Part II in a two-part series. To read Part I, click here!
Practical Goes Tactical
A Step-by-Step Guide to Outfitting a Fighting AR that’s Fun to Shoot
Leupold Mark AR Mod-1
The first thing I needed was a sight—like most flattops, 3Gs don’t ship with one. Keeping in mind the end goal, I attached a Leupold Mark AR Mod-1 4-12x40mm scope, which in my case features a mil-dot reticle. Backed off to 4x, the scope is very handy from 25 yards (at a close-in extreme) out to making six-inch plate hits at 100 yards. Zoomed in, you can shoot the eyes out of a 100-yard silhouette target, or very easily engage six-inch plates out to rather extreme range.
The Mark AR Mod-1 is ballistic compensated for the 55-grain 5.56mm projectile at 3,100 feet per second. For making accurate shots at variable ranges, zero it at 100 yards. Take a hex key (supplied) and loosen the collar on the elevation turret, turning it until it shows a 1 over the reference dot, meaning that you are zeroed at 100 yards. Tighten the collar. Then, when you engage targets beyond 100 yards, crank the whole turret until that reference dot is beneath your yardage…and fire with confidence.
Warne R.A.M.P. Mount
I mounted the scope in a Warne Tactical R.A.M.P. Mount, which features a cantilever design that places the scope just a little farther forward—with the base mounted all the way to the rear of the flat top accessory rail—than traditional rings. Cantilever designs help keep your eye in a comfortable and repeated position relative to the rear objective even as you transition from offhand to prone or shooting over barricades.
I tightened them with Warne’s TW-65 torque wrench, which automatically disengages a ratchet when you achieve 65-inch-pounds of torque on your bolts—the recommended setting for the R.A.M.P.’s aluminum construction, the preservation of your rail, and to ensure a no-slip fit. By having the pressures even, you ensure a properly aligned, securely fastened mount…which preserves your scope under recoil forces, and helps keep it in proper alignment.
To secure the rings around the Leupold, I used Warne’s TW-1 torque wrench, which features a Torx #15 bit and automatically disengages at 25 inch-pounds to prevent over-tightening of the mounting screws. By progressively tightening them and moving diagonally between screws—like tightening the lug nuts on your car—I theoretically achieved the even application of force across the mounts, which is good for the scope and great for ensuring a reliable setting.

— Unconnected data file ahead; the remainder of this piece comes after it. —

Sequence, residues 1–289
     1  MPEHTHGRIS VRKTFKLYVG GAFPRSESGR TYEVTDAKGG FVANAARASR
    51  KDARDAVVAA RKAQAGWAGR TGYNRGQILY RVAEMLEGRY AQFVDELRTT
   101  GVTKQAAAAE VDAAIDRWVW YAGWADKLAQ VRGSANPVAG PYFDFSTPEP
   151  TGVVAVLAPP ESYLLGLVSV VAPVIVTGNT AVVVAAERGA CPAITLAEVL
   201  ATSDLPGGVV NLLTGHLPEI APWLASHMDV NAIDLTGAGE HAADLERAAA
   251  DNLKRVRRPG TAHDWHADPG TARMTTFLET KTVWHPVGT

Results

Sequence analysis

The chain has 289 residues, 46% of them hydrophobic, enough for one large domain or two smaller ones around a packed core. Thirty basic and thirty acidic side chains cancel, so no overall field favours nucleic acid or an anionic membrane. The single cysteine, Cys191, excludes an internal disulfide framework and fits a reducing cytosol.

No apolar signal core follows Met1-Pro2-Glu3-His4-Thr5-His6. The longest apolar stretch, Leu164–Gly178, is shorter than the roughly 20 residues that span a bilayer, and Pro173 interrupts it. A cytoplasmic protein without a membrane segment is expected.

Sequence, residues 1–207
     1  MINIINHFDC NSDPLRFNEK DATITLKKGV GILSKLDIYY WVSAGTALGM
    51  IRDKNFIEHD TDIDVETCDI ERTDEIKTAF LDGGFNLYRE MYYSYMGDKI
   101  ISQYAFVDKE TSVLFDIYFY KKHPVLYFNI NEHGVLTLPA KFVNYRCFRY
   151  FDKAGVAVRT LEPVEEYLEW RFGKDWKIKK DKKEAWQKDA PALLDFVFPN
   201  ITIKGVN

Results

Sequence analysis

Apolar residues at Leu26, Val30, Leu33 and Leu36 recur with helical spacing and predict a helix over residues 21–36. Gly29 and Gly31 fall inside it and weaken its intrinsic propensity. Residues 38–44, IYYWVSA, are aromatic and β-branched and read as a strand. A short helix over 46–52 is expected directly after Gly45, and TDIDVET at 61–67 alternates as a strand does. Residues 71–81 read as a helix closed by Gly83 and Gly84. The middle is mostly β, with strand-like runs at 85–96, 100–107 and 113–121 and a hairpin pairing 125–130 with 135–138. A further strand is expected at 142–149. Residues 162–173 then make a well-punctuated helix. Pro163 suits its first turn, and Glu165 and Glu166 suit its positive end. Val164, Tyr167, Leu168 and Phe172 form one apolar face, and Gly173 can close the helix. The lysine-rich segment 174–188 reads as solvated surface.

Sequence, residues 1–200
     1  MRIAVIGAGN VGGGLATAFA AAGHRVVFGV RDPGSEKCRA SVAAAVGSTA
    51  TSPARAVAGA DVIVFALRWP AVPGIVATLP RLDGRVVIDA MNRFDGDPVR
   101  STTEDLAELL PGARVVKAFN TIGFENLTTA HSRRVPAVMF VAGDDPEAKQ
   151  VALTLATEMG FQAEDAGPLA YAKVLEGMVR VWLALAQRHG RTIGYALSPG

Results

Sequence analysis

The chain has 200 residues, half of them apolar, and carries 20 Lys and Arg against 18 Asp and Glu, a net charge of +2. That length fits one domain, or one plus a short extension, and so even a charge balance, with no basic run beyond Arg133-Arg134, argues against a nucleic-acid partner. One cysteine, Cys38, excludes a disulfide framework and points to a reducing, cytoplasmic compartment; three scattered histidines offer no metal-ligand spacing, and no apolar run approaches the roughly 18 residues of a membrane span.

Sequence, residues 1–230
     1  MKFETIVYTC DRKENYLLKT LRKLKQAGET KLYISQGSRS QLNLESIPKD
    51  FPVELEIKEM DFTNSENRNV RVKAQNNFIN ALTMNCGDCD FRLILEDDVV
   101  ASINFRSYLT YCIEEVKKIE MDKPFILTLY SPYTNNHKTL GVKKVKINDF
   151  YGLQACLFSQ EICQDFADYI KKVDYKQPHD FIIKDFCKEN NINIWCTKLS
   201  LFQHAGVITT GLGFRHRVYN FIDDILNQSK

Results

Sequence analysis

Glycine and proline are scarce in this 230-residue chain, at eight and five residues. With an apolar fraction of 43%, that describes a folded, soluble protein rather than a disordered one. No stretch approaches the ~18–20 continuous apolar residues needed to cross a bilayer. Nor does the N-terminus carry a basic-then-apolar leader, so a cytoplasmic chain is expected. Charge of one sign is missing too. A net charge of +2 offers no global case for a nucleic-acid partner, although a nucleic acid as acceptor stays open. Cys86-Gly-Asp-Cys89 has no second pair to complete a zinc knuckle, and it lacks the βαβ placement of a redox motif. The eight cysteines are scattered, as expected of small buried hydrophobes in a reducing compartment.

The R.A.M.P. has twin 45-degree offset–mounted picatinny rails, one on each side, which provide the ideal mounting place for an auxiliary sight (or laser…but not light, unless you want to illuminate the side of your rifle for the bad guys to better see you). They remove if you want to keep the weight down, but I chose to utilize the starboard mount. The question was how.
Samson Quick Flip Sights
I chose to mount a Samson Quick Flip Rear Sight to that mount, pairing it with a Samson Quick Flip Front Sight mounted at the far end of the rail with a Warne A645 45 Degree Adapter, which is designed specifically for that purpose (and is also useful for mounting lights, lasers, and other gear at a 45-degree offset).
The reason is simple: though they take a moment longer to deploy than twisting a red dot’s rheostat switch, they don’t require batteries, won’t get knocked out by an electromagnetic pulse (talk about a long shot fear there!), do provide excellent and intuitive (after all these years) use, and also qualify as “metallic sights” for the purpose of competition. Thus, I make a slight concession to gaming, and gain iron sights I’m comfortable with at any distance for defensive shooting.
To use the 45-degree offset sights, all you do is cant the rifle to the left 45 degrees. While it doesn’t sound very comfortable at first…it actually works great.
Magpul AFG II
I anticipate much of my shooting being done in a modified offhand position, possibly braced against a barricade, where my left hand will have to support the rifle to some degree…and certainly will have to move it to track between targets. After trying vertical foregrips—some of which look like direct descendents of broomhandle Mauser grips—I found that I don’t like their angle.
What works for me is Magpul’s Angled Foregrip II (AFG II). I can wrap my thumb around the top of the forearm, gripping the grip, and as I squeeze, the mechanics work out so that I’m actually pulling the rifle slightly up and into my shoulder pocket—two things I need to do anyway to shoot properly. There is a reason these are incredibly popular in combat theatres now, which is best understood by using one.